I posted a couple of days ago about my Author's Purpose lesson. To reinforce learning, today my students created a writing piece about Easter eggs. They were randomly given the task to write either a persuasive, informative, or entertainment piece about Easter eggs. They did an amazing job! Some persuasive pieces were why you should dye and/or buy Easter eggs. One student wrote an informative piece about the health benefits of eating Easter eggs, and two students teamed up to write a very creative story about a child who had the choice to go to an Easter Egg Hunt or a friend's birthday party. After feeling very conflicted, the child decided to hold an Easter Egg Hunt during the birthday party.
I was so pleased with their writing efforts, yet disappointed that I didn't leave much time to complete the task. With Spring Break and Easter looming, we just did not have enough time to dedicate to this assignment. Next year, I will leave a good two weeks prior to Easter to edit and publish final drafts. It definitely is a great learning activity to link reading and writing. And it will make a super-cute Spring bulletin board!
Our School Literacy Consultant, who is someone I seriously admire, suggested last week that we as a school write letters to our third, fourth, and fifth graders telling them good luck on the Ohio Achievement Assessments.
Our Spring Break was scheduled at the most inconvenient time this year. We vote on our schedule a few years in advance. We don't know the testing window when we vote. When the two week testing window opens, we will be on Spring Break. Therefore, our students have to take the OAA the week return from break. I don't even think inconvenient is the appropriate word for it.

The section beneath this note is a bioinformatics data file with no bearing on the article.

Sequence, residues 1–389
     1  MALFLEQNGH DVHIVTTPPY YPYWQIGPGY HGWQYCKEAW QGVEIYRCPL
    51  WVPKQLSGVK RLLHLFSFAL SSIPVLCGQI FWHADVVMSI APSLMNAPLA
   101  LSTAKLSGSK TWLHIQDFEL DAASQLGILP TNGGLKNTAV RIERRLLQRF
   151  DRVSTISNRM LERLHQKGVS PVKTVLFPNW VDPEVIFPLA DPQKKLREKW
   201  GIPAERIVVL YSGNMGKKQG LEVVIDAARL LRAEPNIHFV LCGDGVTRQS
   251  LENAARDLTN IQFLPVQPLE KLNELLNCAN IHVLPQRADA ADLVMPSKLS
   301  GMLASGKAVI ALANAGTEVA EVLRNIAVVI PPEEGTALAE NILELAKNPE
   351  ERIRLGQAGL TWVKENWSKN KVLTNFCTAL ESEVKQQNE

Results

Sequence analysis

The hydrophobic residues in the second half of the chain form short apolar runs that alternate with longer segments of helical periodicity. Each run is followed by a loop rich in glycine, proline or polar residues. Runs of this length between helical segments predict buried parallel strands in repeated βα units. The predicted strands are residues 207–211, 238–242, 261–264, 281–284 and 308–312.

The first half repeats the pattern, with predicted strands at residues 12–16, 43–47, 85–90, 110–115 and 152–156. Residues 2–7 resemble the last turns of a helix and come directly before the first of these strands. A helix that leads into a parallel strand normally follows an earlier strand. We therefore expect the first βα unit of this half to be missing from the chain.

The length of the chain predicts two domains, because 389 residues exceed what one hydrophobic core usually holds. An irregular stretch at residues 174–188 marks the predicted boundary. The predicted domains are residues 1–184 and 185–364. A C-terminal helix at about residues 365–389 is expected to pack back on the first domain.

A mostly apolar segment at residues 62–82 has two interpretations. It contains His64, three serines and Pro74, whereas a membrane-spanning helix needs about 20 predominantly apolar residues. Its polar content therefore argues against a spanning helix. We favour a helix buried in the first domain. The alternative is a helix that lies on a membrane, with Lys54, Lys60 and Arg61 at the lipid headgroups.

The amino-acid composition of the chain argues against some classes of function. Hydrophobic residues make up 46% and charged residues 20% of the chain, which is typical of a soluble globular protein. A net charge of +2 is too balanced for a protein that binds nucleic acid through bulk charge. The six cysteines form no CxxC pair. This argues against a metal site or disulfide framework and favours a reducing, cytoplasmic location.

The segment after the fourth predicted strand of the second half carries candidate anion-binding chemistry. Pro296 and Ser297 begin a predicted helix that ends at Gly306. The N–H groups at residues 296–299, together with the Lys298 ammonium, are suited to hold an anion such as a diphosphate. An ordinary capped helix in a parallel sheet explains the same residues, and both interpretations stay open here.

So, taking our SLC's advice, all the teachers in our school have decided to "divide and conquer" our list of 240 third, fourth, and fifth graders and write letters to mail to them over break. I hope the letters will put a smile on my students' faces, give them the confidence to do well, and serve as a gentle reminder that they will be welcomed back by this looming test.
It is crunch time before the OAA and I am doing some review of frequently tested indicators this week. I decided to do a mini lesson on Author's Purpose. My favorite way to teach Author's Purpose is to teach the students that it is "Easy as PIE!"
Get it? Persuade Inform Entertain
I created a Smart Board lesson, complete with the "Magic Eraser" to reveal answers. I haven't used this technique much this year and the kids loved it. I also created a Smart Response assessment. I'm not sure where I originally got the questions for the assessment, so unfortunately I can't give credit where credit is due.
In celebration of starting my blog, I am going to share my Smart Board file. You can download it here.